opinionBy Adaobi Tricia Nwaubani
Some years ago, a British filmmaker discovered an exotic site in Nigeria: An entire community of human beings subsisting on mountains of refuse.
And not in some remote state, but in Lagos, the country's commercial nerve centre - a city of fast cars, luxury shops and sleek folk, with women in Brazilian hair weaves and men in Ferragamo shoes.
Shortly after the Welcome to Lagos series aired on the BBC in April 2010, Nigerians around the world went berserk.
"There was this colonialist idea of the noble savage which motivated the programme," Nobel laureate Wole Soyinka said of the documentary.
"It was patronising and condescending," he added.
Nigeria's High Commissioner to the UK Dalhatu Tafida described it as "a calculated attempt to bring Nigeria and its hard-working people to international odium and scorn".
Online forums also went ablaze. "They are giving us a bad image," many Nigerians fumed.
Then the Lagos State government submitted a formal complaint to the BBC, calling on the organisation to commission an alternative series to "repair the damage we believe this series has caused to our image".
These patriots were not distressed that their compatriots in the oil giant of Africa were living in such squalor - that development had somehow eluded those Nigerians.
They did not rally with cries of: "There are people in our country living like this? What shall we do? How fast can we act?"
No, no, no.
The majority of voices were harmonised in one tune: Anxiety over their country's image.
Similarly, Nigeria was reluctant to accept desperately needed foreign assistance to fight terrorism, despite the country's armed forces being clearly overwhelmed.
We were more worried about how requesting help might affect Nigeria's image than about forestalling the wanton destruction by the Islamist militant group Boko Haram.
In October 1960, Nigeria was loosed from the shackles of imperialism when the colonialists packed their bags and left.
But over five decades later, Nigerians remain in captivity: Foreigners control our self-image.
What the West thinks of us often takes manic precedence over who we really are, what we know and feel about ourselves.
The Europeans who first landed in Africa were unconcerned when the people they regarded as monkeys equally assumed that the white interlopers were ghosts.
The Germans can shrug it off when they are stereotyped as humourless; the Russians can dismiss it when they are described as cold.
But the Nigerian just has to kick up a tornado whenever he is perceived unpalatably.
He is touchy because he has no alternative image on which to base his confidence.
Like many Africans in the diaspora, a number of Nigerians abroad have erected careers out of defending their people's image.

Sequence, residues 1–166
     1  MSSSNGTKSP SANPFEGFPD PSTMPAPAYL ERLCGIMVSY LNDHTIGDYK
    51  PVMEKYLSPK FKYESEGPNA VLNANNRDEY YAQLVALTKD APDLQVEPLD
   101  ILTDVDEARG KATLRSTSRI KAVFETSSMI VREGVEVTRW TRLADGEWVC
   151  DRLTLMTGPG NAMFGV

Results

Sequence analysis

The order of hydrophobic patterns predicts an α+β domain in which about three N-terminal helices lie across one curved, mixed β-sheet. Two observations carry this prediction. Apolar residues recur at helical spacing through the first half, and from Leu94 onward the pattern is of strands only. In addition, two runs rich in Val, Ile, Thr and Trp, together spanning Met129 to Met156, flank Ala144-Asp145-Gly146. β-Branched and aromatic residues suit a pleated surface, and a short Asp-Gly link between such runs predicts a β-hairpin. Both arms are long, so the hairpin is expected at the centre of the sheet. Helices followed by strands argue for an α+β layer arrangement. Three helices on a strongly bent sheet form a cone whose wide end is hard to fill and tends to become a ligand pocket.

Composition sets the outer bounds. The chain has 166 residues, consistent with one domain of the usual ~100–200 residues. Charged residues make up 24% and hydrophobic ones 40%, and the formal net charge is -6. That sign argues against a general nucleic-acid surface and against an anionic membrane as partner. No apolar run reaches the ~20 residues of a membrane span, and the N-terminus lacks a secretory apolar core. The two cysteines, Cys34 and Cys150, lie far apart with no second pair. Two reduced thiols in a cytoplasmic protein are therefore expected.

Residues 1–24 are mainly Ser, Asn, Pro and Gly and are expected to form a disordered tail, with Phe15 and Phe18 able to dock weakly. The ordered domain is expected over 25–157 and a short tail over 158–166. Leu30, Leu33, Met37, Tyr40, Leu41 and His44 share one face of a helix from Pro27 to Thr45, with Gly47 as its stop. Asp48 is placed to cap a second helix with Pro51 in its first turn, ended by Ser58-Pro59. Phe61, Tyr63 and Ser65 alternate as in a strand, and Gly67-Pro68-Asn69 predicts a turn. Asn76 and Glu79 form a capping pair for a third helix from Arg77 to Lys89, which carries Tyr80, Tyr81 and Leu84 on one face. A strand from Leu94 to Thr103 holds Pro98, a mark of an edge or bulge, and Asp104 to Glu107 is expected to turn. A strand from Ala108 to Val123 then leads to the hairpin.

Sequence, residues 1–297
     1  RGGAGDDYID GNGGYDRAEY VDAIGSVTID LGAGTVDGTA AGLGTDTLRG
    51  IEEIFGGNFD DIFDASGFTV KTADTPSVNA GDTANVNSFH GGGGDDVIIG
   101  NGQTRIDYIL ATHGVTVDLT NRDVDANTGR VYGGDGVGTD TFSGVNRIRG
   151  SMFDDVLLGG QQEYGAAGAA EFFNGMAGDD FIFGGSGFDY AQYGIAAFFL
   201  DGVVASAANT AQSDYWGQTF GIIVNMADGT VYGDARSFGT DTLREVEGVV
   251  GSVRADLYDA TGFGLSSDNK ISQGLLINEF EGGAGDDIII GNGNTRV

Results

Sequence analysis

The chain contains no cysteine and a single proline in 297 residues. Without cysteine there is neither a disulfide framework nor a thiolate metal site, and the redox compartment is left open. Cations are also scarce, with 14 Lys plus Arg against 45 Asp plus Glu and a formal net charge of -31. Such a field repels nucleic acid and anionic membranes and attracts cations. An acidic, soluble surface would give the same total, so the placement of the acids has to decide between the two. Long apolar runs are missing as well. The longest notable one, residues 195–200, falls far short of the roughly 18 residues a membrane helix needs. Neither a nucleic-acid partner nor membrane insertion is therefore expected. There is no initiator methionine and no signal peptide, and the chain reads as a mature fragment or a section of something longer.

With indignant frowns and stern tones, they strut from one global stage to the other like superintendents, dismantling stereotypes and whitewashing sepulchres.
This passion probably sprouts from a desire to blend into their host communities, to not be perceived as savages from some nihilistic jungle.
Unknowingly, they reinforce the subconscious message that has been passed down to generations of Nigerians and other Africans: That the West's opinion of us is paramount; that enlightening and convincing foreigners matters more than discerning who we are and who we want to be.
Fret and panic
And so, when the West claps for us, we get excited.
When they tell us off, we get upset.
When they applaud one of us, we automatically join in applauding the person.
We frantically monitor foreign opinions and we panic at the slightest hint of a negative perception of us.
We fret about the many uncomplimentary stories from our land making the rounds on international media circuits, more than about the actual negative circumstances that birth those narratives.
From politicians to intellectuals to entertainers to terrorists, Nigerians have been socialised to rate themselves in the light of Western perceptions.
And as some of us have discovered first hand, the most effective way to draw the attention of our own people to any issue, is to speak to them through a Western medium.
It is unhealthy for a people's self-image to be hinged almost entirely on outside forces.
Nigeria expends too much valuable energy on sweeping dirt under carpets and stuffing skeletons inside closets.
Consequently, we deny ourselves the opportunity of frank dialogue, cultural criticism and self-examination--processes that are vital for a society to advance, by which the imperious West itself has developed thus far.
Nigeria can lead the rest of Africa in freeing our people from this image bondage.
Adaobi Tricia Nwaubani is a writer and the author of I Do Not Come to You by Chance.